Sixteen primary schools in Cambridgeshire and Essex have participated in the 2018/19 Science Image Award. Part of the LMB’s Microscopes for Schools outreach project, the Science Image Award is a competition aiming to stimulate scientific curiosity in primary school children by connecting the microscopic world to everyday life. Each school borrows a small, digital microscope for two weeks, during which time children in Years 5 and 6 can observe and take images of anything they find outside, such as flowers, insects, and feathers. The schools then submit their top ten images to the competition.
Entries for this year’s competition were of an exceptionally high standard, making it very difficult to shortlist and select a winner. LMB emeritus scientist Brad Amos, a developer of innovative microscopy systems, had the task of judging the images. The competition entries were judged on both quality and originality.
First place went to an image of a feather taken by a pupil at R A Butler Academy Infant and Junior Schools in Saffron Walden, with Brad observing, “This is a tricky specimen, but the choice of magnification and the lighting are very good.” Co-organiser of the Science Image Award and LMB Group Leader, Simon Bullock, went to R A Butler Infant and Junior Schools to present the first prize: a digital microscope kindly donated by the competition sponsors, Brunel Microscopes Ltd.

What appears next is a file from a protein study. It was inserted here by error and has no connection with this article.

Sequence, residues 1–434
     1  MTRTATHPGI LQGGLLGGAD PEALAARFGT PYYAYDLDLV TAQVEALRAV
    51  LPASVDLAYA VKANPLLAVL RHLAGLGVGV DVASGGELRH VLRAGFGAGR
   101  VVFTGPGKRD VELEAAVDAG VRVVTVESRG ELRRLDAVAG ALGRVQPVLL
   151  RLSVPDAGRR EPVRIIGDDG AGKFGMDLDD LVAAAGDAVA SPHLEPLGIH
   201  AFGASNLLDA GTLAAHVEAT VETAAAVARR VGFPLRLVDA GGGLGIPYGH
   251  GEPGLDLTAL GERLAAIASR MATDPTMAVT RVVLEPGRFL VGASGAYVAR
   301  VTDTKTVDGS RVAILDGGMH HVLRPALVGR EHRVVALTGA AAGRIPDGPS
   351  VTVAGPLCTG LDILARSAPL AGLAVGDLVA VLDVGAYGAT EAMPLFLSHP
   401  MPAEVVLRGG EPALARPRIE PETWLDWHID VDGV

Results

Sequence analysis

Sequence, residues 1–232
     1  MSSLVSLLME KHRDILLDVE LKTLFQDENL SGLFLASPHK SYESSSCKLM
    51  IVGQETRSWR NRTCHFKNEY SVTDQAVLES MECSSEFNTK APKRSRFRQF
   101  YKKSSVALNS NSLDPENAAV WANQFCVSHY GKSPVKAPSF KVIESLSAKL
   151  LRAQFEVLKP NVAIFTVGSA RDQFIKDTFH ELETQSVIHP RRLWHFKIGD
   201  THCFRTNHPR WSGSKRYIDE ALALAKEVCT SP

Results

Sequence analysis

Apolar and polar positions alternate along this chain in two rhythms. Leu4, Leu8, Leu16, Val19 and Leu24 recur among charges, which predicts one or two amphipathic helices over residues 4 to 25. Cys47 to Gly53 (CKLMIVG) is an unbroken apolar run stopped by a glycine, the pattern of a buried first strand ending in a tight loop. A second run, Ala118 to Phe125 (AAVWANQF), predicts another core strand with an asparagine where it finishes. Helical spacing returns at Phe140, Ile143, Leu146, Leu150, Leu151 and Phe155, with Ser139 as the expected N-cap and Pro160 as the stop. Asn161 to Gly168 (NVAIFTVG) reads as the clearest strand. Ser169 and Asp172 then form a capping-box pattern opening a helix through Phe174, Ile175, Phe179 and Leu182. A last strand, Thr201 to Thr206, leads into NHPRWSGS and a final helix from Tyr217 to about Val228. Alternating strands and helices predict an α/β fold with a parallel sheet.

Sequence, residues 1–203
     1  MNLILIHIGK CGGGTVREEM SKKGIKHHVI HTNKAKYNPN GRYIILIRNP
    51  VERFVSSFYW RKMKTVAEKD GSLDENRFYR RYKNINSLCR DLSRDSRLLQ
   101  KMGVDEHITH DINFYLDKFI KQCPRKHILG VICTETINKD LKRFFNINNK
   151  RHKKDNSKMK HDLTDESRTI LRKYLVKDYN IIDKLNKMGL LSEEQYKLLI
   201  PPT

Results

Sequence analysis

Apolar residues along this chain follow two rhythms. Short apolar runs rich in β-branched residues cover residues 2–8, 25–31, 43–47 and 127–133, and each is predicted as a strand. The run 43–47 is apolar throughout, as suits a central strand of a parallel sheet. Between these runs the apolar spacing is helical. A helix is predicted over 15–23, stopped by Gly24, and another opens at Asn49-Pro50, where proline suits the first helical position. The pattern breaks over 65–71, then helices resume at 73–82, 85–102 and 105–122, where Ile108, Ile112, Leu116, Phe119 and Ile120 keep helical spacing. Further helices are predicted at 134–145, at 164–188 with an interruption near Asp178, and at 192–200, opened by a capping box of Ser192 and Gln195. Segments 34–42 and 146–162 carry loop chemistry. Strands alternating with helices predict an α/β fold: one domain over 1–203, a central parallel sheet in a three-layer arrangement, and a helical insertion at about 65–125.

The second placed school, St Paul’s Church of England Primary School in Cambridge, received ten wooden microscopes for their image, “Raindrops on bud”. Brad commented, “This is unusual because of being an ephemeral specimen. It is fascinating because of the spherical appearance of the drops”.
St Andrew’s Church of England Primary School in Soham were awarded third place for their image of the hairs on a spider’s body, with Brad remarking, “I like this because of the observation that went into it. It would have been obvious to aim at the eyes or jaws, as in most spider images, but the photographer saw the two kinds of cuticular hairs, which are totally different in contrast and size, and make the abdomen look like a forest seen from the air.”
In total, more than 1,000 children took part in the competition. A teacher at one of the other schools that participated commented, “The children were really engaged and enjoyed exploring the environment around them. The sense of amazement was fantastic.”
The Science Image Award will be running again in the 2019/20 academic year.